Funeral in Berlin Film Details
Overview: A British Agent is sent to East Berlin to receive a Communist defector, but the true situation turns out to be rather more complicated.
Tagline: It was going to be a lovely funeral. Harry ‘Ipcress File’ Palmer just hoped it wouldn’t be his …
Review: During the Cold War, the real Berlin Wall provided a bizarre backdrop, and a prop that was more outlandish than any writer of fiction could ever have created. For nearly five decades, many a spy movie was set in its shadow including this laboured follow-up to “The Ipcress File”. The films based on Len Deighton’s Harry Palmer books introduced a different kind of secret agent. As portrayed by Michael Caine, Palmer is very low rent indeed. With his Cockney accent, bland expressions and dark rimmed glasses, he is anything but glamorous. Cynical about everything, especially his superiors, he is more often than not strapped for cash – no roulette or chemin de fer for Palmer. Caine eliminated almost any kind of animation from his performance and seems to have modelled his character on an accountant or perhaps a health inspector. All cold war spy films involve double-dealing and double-crossing, and are often hard to follow. However, there is so much switching around and changing sides in “Funeral in Berlin” that I doubt if even the people who made the film knew what was going on. The story involves Palmer’s attempts to help Colonel Stok (Oskar Homolka), a prominent Russian counter intelligence chief to defect to the West. Palmer poses as a lingerie salesman to infiltrate into East Berlin assisted by Johnny Vulkan (Paul Hubschmid) who runs a lingerie business as a cover for his espionage activities. The East German Police, Nazi war criminals, the KGB, the British Secret Service, and Israel’s Mossad all find a place in the plot. Eventually, it becomes evident that Johnny Vulkan is the object of much of their attention. He is revealed as an unscrupulous war criminal who was involved in the extortion of millions of dollars from the Jews during the war. Macintosh raincoats are de rigueur for all the characters in “Funeral in Berlin”, and nobody is what they seem. Finally, the impenetrable plot plays out after much crunching around in bombed-out buildings. At the film’s end, Harry Palmer stands before his controlling officer, Ross (Guy Dolman), totally disillusioned at the turn of events. He voices his displeasure at being used as a pawn throughout and stalks off in disgust. Palmer’s long-suffering and stoic attitude is the glue that holds all these overcooked elements together. He brings to the role many of the characteristics from “Alfie”, which was also made around this time. With that said, Caine’s Harry Palmer seems so relentlessly unenergetic that it comes as a surprise when he is involved in a love scene or lashes out with his fists – one just can’t picture him working out enough to stay in shape for this kind of activity. The film has authenticity; much of it filmed on location in Berlin and near The Wall. There is even a sequence shot in a Berlin transvestite bar. The film’s failings are not with its production values but rather with its plot of too many twists and credibility gaps. “Funeral” is not as effective as “The Ipcress File” and is not as flashy as “Billion Dollar Brain”, which reintroduced many of the same characters. However, all the films seem rather dated now with “Funeral in Berlin” particularly so. In the end, they seem driven merely by the whims of the filmmakers rather than by the credible motivations of real people.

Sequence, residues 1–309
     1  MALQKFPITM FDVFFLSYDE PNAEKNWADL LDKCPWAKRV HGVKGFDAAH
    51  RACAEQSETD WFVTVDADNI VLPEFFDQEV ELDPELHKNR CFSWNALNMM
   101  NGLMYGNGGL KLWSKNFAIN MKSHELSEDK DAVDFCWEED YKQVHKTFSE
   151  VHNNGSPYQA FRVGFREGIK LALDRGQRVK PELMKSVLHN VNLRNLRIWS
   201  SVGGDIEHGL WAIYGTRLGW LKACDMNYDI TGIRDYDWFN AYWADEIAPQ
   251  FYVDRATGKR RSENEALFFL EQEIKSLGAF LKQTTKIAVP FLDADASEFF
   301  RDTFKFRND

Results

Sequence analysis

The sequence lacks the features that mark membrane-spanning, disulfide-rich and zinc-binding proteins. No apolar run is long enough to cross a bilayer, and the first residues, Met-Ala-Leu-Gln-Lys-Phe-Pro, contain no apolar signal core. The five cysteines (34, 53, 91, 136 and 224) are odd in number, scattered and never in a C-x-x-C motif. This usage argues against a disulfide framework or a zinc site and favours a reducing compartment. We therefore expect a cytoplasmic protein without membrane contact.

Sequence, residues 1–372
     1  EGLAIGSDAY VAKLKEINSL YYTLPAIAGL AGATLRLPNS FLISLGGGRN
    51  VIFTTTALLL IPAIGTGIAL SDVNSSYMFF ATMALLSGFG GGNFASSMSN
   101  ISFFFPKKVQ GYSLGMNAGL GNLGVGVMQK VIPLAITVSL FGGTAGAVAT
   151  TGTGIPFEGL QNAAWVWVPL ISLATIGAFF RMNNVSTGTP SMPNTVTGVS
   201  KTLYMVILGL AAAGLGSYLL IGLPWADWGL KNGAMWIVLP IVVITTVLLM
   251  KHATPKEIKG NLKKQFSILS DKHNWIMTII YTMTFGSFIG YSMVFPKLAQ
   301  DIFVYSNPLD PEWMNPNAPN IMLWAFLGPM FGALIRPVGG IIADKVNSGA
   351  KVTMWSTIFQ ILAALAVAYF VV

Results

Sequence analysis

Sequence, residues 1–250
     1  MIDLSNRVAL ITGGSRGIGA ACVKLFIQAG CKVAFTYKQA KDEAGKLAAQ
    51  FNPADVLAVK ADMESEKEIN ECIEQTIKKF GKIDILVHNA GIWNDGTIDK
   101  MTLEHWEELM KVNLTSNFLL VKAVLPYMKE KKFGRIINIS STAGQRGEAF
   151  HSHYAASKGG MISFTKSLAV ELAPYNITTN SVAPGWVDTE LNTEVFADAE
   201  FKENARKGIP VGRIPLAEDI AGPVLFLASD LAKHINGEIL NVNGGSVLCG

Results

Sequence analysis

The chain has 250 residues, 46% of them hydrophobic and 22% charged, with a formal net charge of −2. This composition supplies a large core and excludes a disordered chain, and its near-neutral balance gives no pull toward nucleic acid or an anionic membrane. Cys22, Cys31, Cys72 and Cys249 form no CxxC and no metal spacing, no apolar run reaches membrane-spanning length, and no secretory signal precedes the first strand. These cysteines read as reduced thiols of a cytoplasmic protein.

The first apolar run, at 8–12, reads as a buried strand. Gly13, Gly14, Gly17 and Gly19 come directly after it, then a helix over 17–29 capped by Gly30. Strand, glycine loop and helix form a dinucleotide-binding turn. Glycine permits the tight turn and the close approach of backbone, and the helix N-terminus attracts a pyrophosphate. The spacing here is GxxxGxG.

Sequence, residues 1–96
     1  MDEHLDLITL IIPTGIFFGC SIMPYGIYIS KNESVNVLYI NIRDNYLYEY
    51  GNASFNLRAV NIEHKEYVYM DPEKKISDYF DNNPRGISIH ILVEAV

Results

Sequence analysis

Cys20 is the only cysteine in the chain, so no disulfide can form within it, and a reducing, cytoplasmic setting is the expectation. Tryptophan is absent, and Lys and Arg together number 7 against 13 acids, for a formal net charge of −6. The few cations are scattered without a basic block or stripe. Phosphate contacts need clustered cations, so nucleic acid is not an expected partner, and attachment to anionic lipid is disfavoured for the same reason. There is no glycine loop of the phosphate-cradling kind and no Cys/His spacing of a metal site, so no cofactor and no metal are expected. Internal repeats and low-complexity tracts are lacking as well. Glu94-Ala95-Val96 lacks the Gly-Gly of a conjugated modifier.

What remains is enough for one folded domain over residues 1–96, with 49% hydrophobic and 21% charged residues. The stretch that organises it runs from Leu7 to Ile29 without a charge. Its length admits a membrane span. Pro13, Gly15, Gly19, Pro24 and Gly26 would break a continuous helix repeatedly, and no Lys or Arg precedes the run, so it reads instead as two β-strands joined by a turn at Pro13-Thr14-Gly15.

Country: United Kingdom
Language: English, German
Duration: 102 min
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